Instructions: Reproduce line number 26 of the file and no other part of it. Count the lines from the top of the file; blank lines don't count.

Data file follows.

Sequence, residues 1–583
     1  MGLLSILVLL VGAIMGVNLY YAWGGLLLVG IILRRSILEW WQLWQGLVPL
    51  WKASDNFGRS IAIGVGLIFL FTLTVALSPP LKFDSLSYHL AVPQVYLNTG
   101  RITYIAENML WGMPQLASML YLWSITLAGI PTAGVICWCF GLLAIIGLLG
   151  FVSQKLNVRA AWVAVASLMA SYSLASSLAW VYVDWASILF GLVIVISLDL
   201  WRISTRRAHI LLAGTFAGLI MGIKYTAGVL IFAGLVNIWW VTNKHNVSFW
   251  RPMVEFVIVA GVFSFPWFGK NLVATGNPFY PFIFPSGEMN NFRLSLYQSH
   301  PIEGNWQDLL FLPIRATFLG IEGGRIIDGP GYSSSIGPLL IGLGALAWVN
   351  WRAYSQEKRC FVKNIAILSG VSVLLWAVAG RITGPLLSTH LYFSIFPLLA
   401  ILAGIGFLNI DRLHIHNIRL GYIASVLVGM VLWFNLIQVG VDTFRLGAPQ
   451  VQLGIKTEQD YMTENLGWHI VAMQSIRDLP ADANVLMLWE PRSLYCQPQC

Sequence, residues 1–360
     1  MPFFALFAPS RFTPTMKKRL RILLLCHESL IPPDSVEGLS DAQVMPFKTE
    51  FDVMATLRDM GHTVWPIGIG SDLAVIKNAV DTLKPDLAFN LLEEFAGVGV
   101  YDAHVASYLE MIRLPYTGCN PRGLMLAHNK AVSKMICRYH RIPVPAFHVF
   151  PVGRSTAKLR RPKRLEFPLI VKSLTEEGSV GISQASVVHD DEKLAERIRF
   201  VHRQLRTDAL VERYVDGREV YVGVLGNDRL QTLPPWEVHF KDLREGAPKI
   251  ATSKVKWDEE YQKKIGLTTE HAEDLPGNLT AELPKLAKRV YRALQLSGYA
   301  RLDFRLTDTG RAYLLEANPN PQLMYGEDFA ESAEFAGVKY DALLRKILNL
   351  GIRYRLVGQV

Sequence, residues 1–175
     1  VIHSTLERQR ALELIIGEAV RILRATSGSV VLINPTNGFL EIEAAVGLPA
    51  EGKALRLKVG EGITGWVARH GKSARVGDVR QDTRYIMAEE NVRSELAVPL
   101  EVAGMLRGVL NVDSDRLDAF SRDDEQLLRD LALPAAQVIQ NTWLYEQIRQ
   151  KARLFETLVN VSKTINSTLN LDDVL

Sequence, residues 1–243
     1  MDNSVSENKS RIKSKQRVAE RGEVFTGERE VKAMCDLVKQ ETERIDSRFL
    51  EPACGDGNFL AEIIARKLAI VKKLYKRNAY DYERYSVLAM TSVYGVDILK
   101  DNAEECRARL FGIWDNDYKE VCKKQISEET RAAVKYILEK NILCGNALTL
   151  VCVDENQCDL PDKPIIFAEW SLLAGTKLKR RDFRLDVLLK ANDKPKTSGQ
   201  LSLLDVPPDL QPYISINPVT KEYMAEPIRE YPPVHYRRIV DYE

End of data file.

Sequence, residues 1–243